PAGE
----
J Med Genet 40:e36 doi:10.1136/jmg.40.4.e36
  • Electronic letters

Single nucleotide polymorphism (SNP) analysis of mouse pulmonary adenoma susceptibility loci 1–4 for identification of candidate genes

  1. W J Lemon,
  2. C H Swinton,
  3. M Wang,
  4. N Berbari,
  5. Y Wang,
  6. M You
  1. Division of Human Cancer Genetics, Ohio State University Comprehensive Cancer Center, 420 West 12th Avenue, Columbus, Ohio 43210, USA
  1. Correspondence to:
 Dr M You, Manuel Tzagournis Medical Research Facility, Room 514, 420 West 12th Avenue, Columbus, Ohio 43210, USA; 

    Lung cancer is the leading cause of mortality from cancer in both men and women in developed countries. There is evidence that, although incidence is almost always associated with environmental factors such as smoking or occupational exposure, susceptibility has a genetic component with early onset lung cancer following Mendelian inheritance.1,2 Moreover, susceptibility is largely intrinsic to the lung itself as shown by the classical experiments involving lung explants from sensitive and resistant mice.3 Identification of the genes predisposing to cancer could yield targets for treatment or chemoprevention. In humans, the wide variety of carcinogens and varying degrees of exposure make identifying the predisposing genes difficult, but in a mouse model, such confounding variables can be controlled.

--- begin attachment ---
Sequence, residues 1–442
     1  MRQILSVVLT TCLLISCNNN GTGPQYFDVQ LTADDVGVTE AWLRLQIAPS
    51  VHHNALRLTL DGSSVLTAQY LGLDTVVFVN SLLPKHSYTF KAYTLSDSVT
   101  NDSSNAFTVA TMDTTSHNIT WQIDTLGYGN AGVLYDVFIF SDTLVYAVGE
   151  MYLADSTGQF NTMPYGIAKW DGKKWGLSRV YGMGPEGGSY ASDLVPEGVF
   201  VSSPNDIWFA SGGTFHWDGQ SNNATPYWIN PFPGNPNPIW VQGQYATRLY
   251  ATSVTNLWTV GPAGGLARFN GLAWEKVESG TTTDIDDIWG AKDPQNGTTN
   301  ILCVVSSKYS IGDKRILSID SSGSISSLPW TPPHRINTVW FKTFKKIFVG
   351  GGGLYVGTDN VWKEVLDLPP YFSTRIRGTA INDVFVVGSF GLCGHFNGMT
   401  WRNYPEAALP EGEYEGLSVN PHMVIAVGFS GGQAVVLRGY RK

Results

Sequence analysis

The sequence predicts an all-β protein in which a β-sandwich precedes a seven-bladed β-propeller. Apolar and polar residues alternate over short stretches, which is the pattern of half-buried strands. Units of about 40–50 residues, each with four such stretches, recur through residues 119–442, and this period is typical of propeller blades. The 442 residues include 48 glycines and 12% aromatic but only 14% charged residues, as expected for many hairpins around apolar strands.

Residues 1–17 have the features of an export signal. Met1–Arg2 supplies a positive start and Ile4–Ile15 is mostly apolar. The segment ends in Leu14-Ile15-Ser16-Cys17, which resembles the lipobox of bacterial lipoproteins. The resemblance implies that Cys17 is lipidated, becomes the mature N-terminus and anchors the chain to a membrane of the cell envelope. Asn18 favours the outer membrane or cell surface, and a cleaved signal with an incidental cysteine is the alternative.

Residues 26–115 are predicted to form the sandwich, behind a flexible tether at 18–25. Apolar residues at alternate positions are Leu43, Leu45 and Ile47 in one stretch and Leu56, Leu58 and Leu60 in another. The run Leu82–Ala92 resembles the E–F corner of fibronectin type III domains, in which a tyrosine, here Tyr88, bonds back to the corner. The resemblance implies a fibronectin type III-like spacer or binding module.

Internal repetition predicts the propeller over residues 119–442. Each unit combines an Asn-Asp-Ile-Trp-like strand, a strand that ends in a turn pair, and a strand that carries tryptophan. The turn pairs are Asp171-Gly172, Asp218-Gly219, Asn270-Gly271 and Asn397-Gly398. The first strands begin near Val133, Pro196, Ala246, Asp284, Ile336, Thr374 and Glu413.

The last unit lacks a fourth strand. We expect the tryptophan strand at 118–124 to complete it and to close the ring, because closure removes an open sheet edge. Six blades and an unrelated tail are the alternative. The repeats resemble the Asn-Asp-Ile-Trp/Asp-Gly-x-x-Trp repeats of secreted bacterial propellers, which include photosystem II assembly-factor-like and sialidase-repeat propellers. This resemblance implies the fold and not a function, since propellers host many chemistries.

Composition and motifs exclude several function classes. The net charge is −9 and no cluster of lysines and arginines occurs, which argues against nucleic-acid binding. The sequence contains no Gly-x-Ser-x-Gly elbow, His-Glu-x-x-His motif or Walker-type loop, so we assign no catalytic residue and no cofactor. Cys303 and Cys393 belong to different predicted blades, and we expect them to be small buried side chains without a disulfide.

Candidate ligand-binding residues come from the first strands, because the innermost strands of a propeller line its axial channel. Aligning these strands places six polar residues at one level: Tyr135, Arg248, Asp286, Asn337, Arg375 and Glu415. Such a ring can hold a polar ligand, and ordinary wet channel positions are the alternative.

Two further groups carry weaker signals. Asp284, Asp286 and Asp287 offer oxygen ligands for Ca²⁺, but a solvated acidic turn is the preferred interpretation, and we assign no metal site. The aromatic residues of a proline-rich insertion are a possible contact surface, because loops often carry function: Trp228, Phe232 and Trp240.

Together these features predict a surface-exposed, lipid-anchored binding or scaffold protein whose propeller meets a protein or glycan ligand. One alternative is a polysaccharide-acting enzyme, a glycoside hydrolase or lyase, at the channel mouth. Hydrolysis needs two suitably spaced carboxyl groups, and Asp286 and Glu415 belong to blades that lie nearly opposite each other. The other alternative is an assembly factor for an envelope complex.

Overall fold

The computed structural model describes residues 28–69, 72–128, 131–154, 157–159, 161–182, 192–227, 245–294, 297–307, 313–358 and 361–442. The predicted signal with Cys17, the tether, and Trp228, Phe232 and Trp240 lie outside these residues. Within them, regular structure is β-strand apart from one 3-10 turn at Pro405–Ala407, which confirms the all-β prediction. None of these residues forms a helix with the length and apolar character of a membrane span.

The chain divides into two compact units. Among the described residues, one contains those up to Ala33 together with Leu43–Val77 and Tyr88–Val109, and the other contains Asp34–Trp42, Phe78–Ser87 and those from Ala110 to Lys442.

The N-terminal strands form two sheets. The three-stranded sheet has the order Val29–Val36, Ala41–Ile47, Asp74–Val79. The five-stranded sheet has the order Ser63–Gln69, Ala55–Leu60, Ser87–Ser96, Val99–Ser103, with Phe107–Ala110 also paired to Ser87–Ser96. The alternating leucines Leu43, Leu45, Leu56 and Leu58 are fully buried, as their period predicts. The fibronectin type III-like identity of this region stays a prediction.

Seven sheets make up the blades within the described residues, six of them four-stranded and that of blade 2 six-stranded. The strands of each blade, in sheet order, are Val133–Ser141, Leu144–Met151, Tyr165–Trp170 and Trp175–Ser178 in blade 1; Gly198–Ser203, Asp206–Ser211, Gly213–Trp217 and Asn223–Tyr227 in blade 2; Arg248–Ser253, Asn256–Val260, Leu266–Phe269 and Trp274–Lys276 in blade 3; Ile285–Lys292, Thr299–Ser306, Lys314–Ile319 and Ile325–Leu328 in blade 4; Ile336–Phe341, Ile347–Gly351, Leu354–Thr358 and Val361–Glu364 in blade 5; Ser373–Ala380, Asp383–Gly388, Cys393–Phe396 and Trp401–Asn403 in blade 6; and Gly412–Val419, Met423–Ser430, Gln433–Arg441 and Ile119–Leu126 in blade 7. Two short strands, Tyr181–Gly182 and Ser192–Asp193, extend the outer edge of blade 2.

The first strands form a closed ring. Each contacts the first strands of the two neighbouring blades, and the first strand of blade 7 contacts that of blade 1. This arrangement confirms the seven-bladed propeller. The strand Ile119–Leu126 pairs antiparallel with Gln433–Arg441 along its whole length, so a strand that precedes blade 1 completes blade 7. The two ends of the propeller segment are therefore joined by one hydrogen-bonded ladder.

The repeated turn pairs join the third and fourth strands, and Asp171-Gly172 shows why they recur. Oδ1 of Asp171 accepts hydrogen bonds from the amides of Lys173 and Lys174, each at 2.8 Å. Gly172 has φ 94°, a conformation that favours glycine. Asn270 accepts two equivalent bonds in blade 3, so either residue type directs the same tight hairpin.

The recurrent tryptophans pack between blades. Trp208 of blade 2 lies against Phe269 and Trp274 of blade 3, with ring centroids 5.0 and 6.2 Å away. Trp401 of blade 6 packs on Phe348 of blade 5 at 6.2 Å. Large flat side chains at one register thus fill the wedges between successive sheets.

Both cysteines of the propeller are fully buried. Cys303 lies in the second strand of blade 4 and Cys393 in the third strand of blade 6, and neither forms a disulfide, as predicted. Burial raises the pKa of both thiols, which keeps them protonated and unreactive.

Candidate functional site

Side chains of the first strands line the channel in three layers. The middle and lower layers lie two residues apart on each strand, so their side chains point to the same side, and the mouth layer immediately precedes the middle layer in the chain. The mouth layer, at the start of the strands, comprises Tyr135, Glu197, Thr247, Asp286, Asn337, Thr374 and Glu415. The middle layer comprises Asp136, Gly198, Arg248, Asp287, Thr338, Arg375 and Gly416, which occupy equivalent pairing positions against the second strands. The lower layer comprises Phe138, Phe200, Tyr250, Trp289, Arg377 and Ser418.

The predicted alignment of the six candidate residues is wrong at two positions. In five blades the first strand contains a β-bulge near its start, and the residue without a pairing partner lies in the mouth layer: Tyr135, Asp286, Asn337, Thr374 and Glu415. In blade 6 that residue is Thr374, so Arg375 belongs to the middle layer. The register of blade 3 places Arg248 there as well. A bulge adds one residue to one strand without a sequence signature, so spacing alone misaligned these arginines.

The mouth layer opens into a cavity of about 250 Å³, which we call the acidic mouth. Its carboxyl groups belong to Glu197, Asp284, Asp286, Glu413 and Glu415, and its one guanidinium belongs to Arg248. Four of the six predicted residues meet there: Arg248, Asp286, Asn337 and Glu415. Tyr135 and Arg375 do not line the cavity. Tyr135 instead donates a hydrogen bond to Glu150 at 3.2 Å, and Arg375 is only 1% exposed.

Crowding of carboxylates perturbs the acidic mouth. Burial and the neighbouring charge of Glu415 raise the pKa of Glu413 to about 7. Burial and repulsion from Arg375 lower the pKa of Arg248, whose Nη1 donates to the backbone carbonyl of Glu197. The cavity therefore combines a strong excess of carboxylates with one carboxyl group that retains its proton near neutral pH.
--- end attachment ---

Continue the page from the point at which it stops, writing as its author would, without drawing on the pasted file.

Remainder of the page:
Key points

    • Past studies have mapped four susceptibility loci (Pas1–4) for pulmonary adenoma in which A/J and C57BL/6J (B6) mice have different alleles that affect incidence and multiplicity of tumours. With the release of a genome wide SNPs database, it has become feasible to analyse these genetically determined QTLs for genes polymorphic in these strains.

    • Celera’s discovery database (CDS 3.6, SNP 1.0) was scanned for SNPs in the Pas1–4 QTLs. SNPs were first screened according to the following criteria: (1) A/J and B6 were polymorphic for the SNP; (2) SNPs appeared in the coding region, the 5′ regulatory region, or the 3′ untranslated region; (3) SNPs appeared in known genes; (4) B6 and DBA/2J, phenotypically similar to B6, shared the same allele.

    • Genes for which associations or other plausible links with cancer have been published were deemed as final candidates. All 11 selected SNPs within candidate genes were verified by polymerase chain reaction (PCR) sequencing. We have also attempted to verify a series of differentially expressed candidate susceptibility genes to lung tumours in our previous microarray analysis with semiquantitative reverse transcriptase …